Since 2014, poets James Nash and Matthew Hedley Stoppard have been visiting the sites of legendary Leeds picture-houses, and documenting their current status with two inimitable, unmistakable poetic voices – whilst also considering the remarkable shared (yet personal) experience that is cinema-going.

Cinema Stories is published by Valley Press.

 

 

 

 


CVVRkOpWoAAOj_yWe are delighted to be hosting  an exclusive preview of Chris Nickson’s first play, The Empress on the Corner, at the Leeds Big Bookend Festival 2016.

Annabelle Harper features in the Inspector Tom Harper mysteries set in the 1890s – Gods of Gold, Two Bronze Pennies, Skin Like Silver – written by Chris Nickson, in addition to several short stories. In this one-woman play, featuring Carolyn Eden as Annabelle, she tells her story. Growing up on the Bank, the poorest part of the city, the hopeless life of mills or maids for the girls there. The circumstances that made her landlady of the Victoria public house in Sheepscar, also running three bakeries and becoming the Empress on the Corner.  Then her political awakening, speaking out, speaking loud, the determination to see that her own daughter has more but she never forgets how life remains for so many.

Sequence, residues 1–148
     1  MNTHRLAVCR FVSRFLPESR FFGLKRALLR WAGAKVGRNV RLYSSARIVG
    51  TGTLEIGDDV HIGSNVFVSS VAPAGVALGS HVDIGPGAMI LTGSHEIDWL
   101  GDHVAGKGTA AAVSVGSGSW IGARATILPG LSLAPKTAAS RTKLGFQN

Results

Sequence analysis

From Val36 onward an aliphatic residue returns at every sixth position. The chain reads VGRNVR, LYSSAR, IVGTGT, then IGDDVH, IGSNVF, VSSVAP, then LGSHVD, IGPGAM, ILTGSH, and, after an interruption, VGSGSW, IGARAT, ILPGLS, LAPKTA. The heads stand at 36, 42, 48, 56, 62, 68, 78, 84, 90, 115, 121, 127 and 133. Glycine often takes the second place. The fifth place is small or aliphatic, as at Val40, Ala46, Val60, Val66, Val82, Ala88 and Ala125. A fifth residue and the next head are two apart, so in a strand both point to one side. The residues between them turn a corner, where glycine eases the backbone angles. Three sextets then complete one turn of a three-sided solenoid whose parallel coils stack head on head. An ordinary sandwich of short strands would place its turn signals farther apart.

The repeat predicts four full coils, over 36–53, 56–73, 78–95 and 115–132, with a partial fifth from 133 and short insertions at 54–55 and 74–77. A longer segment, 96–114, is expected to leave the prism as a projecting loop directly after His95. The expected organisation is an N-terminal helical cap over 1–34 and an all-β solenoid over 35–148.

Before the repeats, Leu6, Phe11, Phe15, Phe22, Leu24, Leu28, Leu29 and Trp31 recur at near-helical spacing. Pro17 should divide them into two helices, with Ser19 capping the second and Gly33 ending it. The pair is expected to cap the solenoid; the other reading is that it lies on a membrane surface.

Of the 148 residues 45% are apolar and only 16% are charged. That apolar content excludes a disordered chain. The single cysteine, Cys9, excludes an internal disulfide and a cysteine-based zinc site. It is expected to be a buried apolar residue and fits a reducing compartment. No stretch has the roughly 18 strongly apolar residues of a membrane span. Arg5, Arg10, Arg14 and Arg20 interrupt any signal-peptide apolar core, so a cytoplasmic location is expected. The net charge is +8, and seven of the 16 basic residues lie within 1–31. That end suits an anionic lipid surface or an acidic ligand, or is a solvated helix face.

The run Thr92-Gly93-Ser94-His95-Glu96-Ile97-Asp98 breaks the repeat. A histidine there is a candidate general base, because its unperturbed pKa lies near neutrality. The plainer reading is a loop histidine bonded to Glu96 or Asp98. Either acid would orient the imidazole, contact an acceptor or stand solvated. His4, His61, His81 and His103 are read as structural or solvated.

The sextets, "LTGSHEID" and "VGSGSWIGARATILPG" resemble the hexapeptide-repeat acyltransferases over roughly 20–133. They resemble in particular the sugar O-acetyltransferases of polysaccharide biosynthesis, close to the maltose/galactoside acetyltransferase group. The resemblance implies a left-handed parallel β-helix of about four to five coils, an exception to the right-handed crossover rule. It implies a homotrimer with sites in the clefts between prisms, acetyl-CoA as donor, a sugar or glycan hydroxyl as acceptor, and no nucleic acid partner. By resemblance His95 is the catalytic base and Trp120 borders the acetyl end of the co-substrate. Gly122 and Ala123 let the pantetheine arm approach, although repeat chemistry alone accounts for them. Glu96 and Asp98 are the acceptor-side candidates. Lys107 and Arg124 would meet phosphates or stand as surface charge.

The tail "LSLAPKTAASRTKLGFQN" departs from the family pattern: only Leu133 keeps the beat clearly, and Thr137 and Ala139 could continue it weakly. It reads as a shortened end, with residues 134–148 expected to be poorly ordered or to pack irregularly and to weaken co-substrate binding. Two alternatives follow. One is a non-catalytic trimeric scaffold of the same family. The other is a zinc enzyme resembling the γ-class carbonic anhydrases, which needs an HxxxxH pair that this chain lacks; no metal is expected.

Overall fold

A one-woman play starring Carolyn Eden, written by Chris Nickson, Saturday June 4, Leeds Central Library, 2.30 pm, as part of Leeds Big Bookend Festival 2016. There will be a Q&A afterwards with Chris, Carolyn and the play’s Director.

Tickets £5 + VAT. Click here.

 

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Fiona Gell

Fiona is a lifelong reading enthusiast and book lover. Her career started as a bookseller and has never really veered away from the written and spoken word. It was a dream for her to be a founder member of The Leeds Big Bookend. Fiona is its Coordinator and Marketing Director of the Northern Short Story Festival.